- UK business energy bill package soothes sentiment, but questions remain about soaring government costs
- Partial mobilisation of Russian forces point to continued Ukraine war
- Fed set to hike rates aggressively, BoE to follow on Thursday
- Weak Chinese, UK and Eurozone economies to hold back stocks
Today’s slightly firmer tone, albeit in an overall bearish environment, is a reflection of government support for companies and households crippled by the ongoing energy crises. In the UK, for example, gas and electricity bills for domestic businesses will be cut by around half their predicted level for 6 months. The new government support package comes after ministers announced a £150bn plan to help households with their energy bills for two years. While this is clearly good news, there is no information about how much the business energy package will cost the taxpayer.
Already, the UK is buried in a huge debt pile after spending heavily during lockdowns. In August, the UK government borrowed more than expected, with public sector net borrowing rising to £11.8 billion. Worrying, the cost of servicing that debt rose to a record level. To give you an idea of how costly the government borrowing has become, interest payments reached £8.2 billion in August, up a huge £1.5 billion from the same period a year ago.
Thus, while the government spending might help alleviate the immediate concerns, the longer-term outlook remains murky at best, with several quarters of negative growth upon us and interest rates set to rise further. Faced with double-digit inflation and a struggling economy, the Bank of England is in a very tricky position. It has hiked rates six times already, with the latest increase being 50bps to 1.75% at its August 2022 meeting. Analysts expect another 0.5% increase to 2.25% on Thursday, but there is an outside chance for a 0.75% hike.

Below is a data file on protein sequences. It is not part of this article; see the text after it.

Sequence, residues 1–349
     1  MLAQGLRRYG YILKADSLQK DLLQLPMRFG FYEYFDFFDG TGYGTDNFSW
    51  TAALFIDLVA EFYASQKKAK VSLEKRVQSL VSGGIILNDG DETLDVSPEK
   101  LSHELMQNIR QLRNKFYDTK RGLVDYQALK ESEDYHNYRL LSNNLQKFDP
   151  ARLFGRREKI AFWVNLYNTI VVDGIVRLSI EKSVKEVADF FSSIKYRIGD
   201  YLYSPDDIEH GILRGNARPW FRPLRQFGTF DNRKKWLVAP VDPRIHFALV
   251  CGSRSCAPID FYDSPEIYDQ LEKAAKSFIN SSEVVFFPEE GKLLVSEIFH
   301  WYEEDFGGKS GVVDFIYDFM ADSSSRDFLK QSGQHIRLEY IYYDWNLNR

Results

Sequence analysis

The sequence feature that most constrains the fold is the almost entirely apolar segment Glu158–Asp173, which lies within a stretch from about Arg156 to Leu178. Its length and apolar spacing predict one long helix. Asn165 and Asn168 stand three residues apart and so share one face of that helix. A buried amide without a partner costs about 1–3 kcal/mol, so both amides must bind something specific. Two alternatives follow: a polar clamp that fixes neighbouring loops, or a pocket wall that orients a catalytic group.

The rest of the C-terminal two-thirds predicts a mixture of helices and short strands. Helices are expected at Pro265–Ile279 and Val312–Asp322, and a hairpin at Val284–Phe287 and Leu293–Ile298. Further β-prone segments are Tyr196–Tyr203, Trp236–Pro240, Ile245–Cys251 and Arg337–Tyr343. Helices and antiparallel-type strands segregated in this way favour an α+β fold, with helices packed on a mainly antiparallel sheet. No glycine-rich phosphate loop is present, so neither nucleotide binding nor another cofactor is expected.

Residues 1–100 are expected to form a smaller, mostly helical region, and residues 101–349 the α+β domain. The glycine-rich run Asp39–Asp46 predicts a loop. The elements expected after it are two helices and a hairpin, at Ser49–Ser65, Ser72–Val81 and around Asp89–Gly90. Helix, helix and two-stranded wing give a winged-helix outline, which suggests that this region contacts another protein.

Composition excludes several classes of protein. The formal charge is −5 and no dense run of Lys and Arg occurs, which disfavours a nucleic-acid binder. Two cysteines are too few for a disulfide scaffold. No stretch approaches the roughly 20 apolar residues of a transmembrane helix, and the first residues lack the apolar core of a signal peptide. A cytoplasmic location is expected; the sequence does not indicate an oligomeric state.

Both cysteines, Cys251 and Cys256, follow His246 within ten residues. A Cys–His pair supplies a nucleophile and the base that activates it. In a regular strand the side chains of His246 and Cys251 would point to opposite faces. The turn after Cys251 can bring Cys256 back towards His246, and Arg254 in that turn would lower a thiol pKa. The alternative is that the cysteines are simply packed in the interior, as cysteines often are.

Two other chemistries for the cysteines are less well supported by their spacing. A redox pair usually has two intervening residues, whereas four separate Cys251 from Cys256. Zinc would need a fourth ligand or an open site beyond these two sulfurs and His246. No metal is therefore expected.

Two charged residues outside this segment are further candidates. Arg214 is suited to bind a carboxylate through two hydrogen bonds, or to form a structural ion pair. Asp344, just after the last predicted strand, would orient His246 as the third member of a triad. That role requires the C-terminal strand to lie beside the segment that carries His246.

The immediate focus is going to be on the Federal Reserve rate decision tonight. The Fed has been tightening its monetary policy aggressively to bring inflation under control and this has seen bond yields and the dollar rise sharply. Most analysts think the decision will be a third 75-basis point rate hike today. If it is anything higher, risk assets could get annihilated by the bears. Even if it is the expected 75 basis point hike, the Fed is likely to maintain a hawkish tone anyway as inflation is nowhere near low enough for the central bank to ease its aggressive stance. For that reason, we are unlikely to see a major recovery in the global stock markets today.
In Europe, the energy crisis is continuing to weigh heavily on the Eurozone economy. Russian President Putin has today said that military reservists are to be sent to Ukraine as part of a "partial mobilisation" of his forces to ensure Russian territorial integrity. The latest move is a step up in Russian aggression which doesn’t bode well for Europe given the situation regarding gas supplies. With Russia reinforcing its military operation in Ukraine, the war looks like will drag on unfortunately, which may mean a long cold winter for the rest of Europe dependant on Russian energy.
On top of all this, you have a slowing Chinese economy, held back by the government’s zero covid policy and global economic weakness amid surging price pressures.
So, the macro situation remains far from being ideal for equities, which should see the FTSE and other global indices continue to struggle and run into strong headwinds after small recoveries. The UK index has bounced off its trend line support again, but the lower highs as well as the breakdown in other global indices, bode ill for the UK index. I reckon a break below the trend line is a matter of time. If that happens, we may well see a revisit of 7,000 and possibly lower levels over time.
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